Response of carbon mineralization to combined changes in soil moisture and carbon-phosphorus ratio in a low phosphorus histosol

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We conducted a laboratory study to evaluate the hypothesis that the effects of soil moisture on aerobic and anaerobic carbon mineralization in a histosol from a phosphorus-limited ecosystem depend on both C:P ratio of the soil and carbon availability. The effects of varying soil moisture and soil C:P ratio on carbon mineralization were studied in a pristine histosol with low P content (C:P = 2000). Relative water content (Θ(rel) = Θ(V)/ε, where Θ(V) is volumetric water content and E is the saturated water content) varied from 0.14 to 1.00, corresponding to soil water potentials (Ψ) of -188 to 0 bars, respectively. The C:P ratio was varied from 2000 to 20 by addition of PO4 to the soil. At the highest C:P value (2000), changes in water content had no significant effect on respiration rate (α). As the C:P ratio decreased, respiration became increasingly sensitive to changes in relative water content, with maximum respiration rates (α(max)) observed at Θ(rel) between 0.60 and 1.00 and C:P values between 20 and 200. There was a negative statistically significant linear relationship between relative respiration rate (α/α(max) and soil water potential at C:P < 2000, described by the equation: α/α(max) = -0.077 log Ψ + 0.898. Respiration in glucose-amended pristine soil showed little response to water content; however, combined addition of glucose and phosphorus to the soil resulted in a shift in the values of Θ(rel) at which maximum respiration rate was observed to between 0.2 and 0.4, depending on the C:P ratio of the soil. Methane evolution from glucose-amended soil was sensitive to changes in C:P and soil moisture, with CH4 production observed at increasingly lower values of Θ(rel) with decreasing C:P. These results suggest that the effects of soil moisture on carbon metabolism in these soils are dependent on both C:P ratio of the soil and carbon availability.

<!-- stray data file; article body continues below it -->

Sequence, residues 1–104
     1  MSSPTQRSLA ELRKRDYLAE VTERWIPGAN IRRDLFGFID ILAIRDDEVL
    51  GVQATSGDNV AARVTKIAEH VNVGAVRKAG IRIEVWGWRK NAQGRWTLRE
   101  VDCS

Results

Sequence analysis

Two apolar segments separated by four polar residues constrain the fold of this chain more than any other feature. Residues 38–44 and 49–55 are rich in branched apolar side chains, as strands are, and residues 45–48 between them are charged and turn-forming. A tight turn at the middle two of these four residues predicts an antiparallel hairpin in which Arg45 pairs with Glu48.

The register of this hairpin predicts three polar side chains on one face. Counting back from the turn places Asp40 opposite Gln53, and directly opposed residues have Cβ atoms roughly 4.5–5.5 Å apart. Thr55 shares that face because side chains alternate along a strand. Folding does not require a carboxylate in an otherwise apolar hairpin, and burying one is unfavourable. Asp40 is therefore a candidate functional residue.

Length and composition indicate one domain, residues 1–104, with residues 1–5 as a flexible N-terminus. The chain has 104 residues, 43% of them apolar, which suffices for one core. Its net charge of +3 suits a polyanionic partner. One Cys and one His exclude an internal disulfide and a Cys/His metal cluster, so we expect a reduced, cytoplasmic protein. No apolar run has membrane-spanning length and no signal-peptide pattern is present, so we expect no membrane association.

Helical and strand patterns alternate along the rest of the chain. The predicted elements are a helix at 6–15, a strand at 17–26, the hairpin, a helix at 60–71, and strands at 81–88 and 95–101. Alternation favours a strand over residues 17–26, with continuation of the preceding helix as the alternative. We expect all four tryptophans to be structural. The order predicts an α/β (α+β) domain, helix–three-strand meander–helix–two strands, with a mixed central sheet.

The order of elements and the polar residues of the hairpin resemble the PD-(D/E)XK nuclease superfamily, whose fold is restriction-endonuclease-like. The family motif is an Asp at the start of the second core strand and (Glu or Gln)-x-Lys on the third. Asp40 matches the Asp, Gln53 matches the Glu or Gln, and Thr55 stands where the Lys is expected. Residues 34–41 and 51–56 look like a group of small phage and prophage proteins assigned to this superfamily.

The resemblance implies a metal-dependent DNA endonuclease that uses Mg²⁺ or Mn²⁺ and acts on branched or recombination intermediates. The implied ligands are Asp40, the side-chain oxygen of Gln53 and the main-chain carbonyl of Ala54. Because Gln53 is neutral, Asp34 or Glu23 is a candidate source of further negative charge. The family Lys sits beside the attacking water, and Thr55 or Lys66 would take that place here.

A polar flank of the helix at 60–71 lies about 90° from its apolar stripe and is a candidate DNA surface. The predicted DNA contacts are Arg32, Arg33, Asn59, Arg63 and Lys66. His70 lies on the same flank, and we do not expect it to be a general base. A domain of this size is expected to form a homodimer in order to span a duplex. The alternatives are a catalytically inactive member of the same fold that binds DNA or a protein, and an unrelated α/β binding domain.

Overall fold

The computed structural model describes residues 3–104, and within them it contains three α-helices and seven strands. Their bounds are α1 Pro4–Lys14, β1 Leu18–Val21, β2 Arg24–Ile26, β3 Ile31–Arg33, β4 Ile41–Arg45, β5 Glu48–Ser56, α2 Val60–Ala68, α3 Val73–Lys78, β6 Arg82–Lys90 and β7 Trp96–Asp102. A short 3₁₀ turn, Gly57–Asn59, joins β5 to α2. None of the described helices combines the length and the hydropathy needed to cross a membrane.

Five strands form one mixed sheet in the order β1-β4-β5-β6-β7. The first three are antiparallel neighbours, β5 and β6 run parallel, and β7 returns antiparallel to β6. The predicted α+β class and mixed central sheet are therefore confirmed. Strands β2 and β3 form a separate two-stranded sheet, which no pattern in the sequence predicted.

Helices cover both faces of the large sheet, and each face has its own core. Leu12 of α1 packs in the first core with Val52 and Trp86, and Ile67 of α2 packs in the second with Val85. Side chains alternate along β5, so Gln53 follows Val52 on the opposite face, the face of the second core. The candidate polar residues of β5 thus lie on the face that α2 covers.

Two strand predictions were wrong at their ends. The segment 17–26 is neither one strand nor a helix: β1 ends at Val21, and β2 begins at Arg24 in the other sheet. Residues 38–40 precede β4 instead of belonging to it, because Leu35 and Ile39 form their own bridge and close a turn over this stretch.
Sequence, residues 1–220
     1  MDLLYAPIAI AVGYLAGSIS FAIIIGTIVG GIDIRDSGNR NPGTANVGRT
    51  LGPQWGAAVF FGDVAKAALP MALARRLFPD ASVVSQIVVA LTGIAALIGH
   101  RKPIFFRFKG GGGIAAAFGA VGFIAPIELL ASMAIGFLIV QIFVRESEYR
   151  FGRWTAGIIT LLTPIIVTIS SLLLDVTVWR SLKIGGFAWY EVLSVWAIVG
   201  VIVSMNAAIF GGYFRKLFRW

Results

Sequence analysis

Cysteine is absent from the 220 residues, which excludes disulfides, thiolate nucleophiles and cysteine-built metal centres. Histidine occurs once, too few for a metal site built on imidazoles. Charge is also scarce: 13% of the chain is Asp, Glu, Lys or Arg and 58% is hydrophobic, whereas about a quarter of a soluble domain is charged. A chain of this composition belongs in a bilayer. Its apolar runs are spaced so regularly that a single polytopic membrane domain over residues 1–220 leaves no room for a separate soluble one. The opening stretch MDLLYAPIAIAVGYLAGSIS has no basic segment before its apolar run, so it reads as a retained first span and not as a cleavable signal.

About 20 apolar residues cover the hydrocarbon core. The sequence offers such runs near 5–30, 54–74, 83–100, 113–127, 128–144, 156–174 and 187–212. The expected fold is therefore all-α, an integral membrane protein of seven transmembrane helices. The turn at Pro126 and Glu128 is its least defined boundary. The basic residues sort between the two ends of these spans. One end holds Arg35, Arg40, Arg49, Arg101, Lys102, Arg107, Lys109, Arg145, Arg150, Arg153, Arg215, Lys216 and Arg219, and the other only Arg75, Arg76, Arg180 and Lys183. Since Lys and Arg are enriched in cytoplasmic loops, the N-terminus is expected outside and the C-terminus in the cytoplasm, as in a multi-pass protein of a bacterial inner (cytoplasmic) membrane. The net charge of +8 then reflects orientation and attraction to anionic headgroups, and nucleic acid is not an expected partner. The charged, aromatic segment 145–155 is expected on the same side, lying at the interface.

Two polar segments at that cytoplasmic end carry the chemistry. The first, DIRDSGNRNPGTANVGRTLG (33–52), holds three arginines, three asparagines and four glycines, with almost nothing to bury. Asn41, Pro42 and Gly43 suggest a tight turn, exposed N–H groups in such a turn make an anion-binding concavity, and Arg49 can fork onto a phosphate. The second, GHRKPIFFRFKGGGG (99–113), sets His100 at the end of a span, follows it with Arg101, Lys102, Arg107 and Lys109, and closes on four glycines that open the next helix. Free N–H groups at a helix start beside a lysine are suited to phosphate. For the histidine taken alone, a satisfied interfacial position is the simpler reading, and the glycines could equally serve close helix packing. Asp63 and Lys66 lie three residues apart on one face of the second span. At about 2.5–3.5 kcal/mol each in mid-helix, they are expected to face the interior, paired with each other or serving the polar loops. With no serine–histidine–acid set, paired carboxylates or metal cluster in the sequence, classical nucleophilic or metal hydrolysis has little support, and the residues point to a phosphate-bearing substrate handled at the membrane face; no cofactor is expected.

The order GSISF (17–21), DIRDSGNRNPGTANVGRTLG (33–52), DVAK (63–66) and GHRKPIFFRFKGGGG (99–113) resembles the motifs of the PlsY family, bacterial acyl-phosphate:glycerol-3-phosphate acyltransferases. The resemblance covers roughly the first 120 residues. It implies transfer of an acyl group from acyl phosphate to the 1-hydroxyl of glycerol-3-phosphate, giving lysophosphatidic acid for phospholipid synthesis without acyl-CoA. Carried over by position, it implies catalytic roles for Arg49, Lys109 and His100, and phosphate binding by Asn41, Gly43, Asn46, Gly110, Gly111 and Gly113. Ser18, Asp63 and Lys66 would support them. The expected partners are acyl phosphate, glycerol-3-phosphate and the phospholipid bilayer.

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Soil Science